Director, Built Concepts
MSc Design Engineering, 2006
What made you choose Middlesex University?
I needed to do a conversion course after my engineering degree at Oxford and I wanted to do a degree that had a design element to it, but I couldn't really afford it. When I applied the course was funded by the ESPRC so that was a big consideration for me. Middlesex also had a good reputation in the design industry so it satisfied my requirements from that point of view, and I lived in London so it was easy to get to as I could just get the tube.
What attracted you to your course and made you apply?
I wanted a Masters degree in Design to supplement my Masters degree in engineering and this focused on the design aspects that I wanted to learn. The course had a placement in the middle too which was attractive because the whole point of postgraduate study for me was to get into industry. I sorted out my own placement at an architectural firm working on a wind turbine which was a lot of fun. It was really useful and definitely helped me get into industry. The location was also attractive because even though it was full time the fact that it was in London meant that I could fit some freelance work in around it.
What aspects of your course did you enjoy most?
I really enjoyed using all of the computer software. Design programmes are quite complicated and extremely expensive, and having some good tuition on them was indispensable. I also liked the projects which involved designing something from the ground up and then using the workshops to create it. The workshops were one of the best things about the campus.
What were the facilities like in your department?
The facilities were good overall, especially because the technicians who worked there were excellent in terms of the tuition. There were a lot of different pieces of kit to use but there was always someone who was an expert at using them and they were always willing to help you out so you could make the best use of all of the equipment.
What is your fondest memory of life at Middlesex?
It's hard to say what my fondest memory of Middlesex is. I quite enjoyed spending time with the other guys on the course and the attitude of the tutors too who were switched on, enthusiastic and encouraging. The grounds were great and the setting was really conducive to study. I think getting to use all of the equipment was probably my favourite aspect of it though.
What one piece advice would you give to a prospective student interested in studying at Middlesex?
Make the most of your connections while at university and capitalise on the fact that you're a student while you still are. You will have time to work on your own projects under your own steam - make sure you do the best work you can. Employers will definitely be interested, and it may well be the thing that sets you apart from the crowd.
How did your course and time at Middlesex help you get to where you are professionally today?
I wouldn't have been able to do everything that I've done since without having the experience from Middlesex. I don't think I would have got the introduction to industry without the course and everything that has happened since then, although there has been some graft on my part, probably wouldn't have come if I had not taken the course.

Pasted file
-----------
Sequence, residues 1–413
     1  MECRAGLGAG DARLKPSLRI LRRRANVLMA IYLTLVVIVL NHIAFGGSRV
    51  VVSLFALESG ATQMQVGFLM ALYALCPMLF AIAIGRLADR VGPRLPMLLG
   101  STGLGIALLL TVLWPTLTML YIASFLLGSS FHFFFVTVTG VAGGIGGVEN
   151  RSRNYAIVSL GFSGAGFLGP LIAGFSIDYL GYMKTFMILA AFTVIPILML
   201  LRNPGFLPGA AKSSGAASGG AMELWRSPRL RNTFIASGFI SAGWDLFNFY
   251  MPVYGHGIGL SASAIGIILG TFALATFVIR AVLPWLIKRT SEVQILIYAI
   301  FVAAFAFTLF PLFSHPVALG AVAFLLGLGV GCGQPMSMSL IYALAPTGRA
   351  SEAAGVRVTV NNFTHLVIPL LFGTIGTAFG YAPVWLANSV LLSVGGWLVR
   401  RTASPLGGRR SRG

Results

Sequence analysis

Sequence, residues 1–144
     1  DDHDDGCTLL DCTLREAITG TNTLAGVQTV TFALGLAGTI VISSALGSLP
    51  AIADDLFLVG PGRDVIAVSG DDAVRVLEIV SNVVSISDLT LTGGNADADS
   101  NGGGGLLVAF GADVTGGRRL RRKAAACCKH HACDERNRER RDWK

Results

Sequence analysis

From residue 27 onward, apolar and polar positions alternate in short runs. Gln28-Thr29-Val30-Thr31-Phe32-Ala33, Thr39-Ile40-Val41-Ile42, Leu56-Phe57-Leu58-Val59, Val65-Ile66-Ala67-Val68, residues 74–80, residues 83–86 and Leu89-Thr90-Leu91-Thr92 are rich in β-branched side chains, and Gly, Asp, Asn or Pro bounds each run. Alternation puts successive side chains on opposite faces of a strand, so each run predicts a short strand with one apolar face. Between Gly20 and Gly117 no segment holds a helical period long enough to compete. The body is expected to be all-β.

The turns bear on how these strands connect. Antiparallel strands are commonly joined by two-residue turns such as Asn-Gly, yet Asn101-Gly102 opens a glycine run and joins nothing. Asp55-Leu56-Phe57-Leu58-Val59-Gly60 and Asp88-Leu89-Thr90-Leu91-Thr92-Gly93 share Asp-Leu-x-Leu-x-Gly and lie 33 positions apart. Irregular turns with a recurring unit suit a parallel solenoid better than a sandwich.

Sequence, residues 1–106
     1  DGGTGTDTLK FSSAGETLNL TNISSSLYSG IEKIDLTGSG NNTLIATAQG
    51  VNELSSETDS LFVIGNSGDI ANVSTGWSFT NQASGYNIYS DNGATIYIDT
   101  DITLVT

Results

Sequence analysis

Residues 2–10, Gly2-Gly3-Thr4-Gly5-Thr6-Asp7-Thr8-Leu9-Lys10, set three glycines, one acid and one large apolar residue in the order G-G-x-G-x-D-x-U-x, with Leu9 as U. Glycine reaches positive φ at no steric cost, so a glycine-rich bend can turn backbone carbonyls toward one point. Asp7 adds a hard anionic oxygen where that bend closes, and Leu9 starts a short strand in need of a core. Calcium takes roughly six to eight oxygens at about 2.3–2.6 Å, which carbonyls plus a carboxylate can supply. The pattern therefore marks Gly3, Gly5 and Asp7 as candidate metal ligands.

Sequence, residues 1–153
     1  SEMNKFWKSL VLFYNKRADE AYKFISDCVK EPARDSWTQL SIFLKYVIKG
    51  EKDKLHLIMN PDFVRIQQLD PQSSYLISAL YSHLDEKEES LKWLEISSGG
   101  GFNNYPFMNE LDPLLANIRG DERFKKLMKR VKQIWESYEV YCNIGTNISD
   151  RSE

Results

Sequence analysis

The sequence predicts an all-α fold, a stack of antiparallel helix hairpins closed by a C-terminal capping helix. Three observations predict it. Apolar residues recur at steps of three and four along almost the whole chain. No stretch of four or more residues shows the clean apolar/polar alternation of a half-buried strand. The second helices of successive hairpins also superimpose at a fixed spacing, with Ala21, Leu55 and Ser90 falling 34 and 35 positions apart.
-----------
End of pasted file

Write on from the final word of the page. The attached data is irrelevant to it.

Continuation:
What made you choose the industry you work in and what are its pros and cons?
I always wanted to do what I am doing now, ever since I was a kid when I was obsessed with Lego. I always wanted to build and solve problems and marry the aesthetic with the technical feasibility of actually making something.
Pros: The design industry is massively rewarding when you're involved in an exciting project.
Cons: It's hard to get in there in the first place because there is a lot of competition and it is often not well paid. You can earn good money in the long run but don't expect to get rich quick.
How did you get your first foot on the career ladder?
After the placement that I did during the MSc I got a portfolio of work together, a lot of which was stuff that I had done in my spare time, and I carted a book around some firms until one of them took me on. I was there for about six months and then took a project in Moscow on my own, which wasn't exactly easy but was the first major step on the career ladder.
What has been your defining career break or highlight to date?
I got a big job in Moscow off my own back and I had three people working for me. I did everything; all of the design, supplier engagement, client management, the whole thing from start to finish. Being able to do that was probably the happiest time of my career so far and everything I've had since has come as a result of that.
My biggest break probably then came in 2008 when I got a job with Portland Design Associates. It was and still is a top flight design agency and again, I was selected both because of my training and the projects and work I had undertaken. I was there for about two years and that, along with time spent at other agencies since, has given me the experience I needed to go freelance.
What are the top three tips you would give to current students and recent graduates who are looking for a similar career to yourself?
Keep plugging away. It isn't easy and it won't get easier, but that is not a reflection of you.
Don't underestimate the value of the work you do off your own back. As long as you put commitment into your own projects they can end up being more important in your portfolio than work you do for clients.
The internet is great, but it's only as good as you are at mining it for all the stuff people are doing that is relevant to you and your work. Always 'click through' – if you see a link somewhere make sure you follow it up.
What one piece of advice would you give to the 17/18 year old you?
Be more focused, do the MSc earlier and follow your instincts.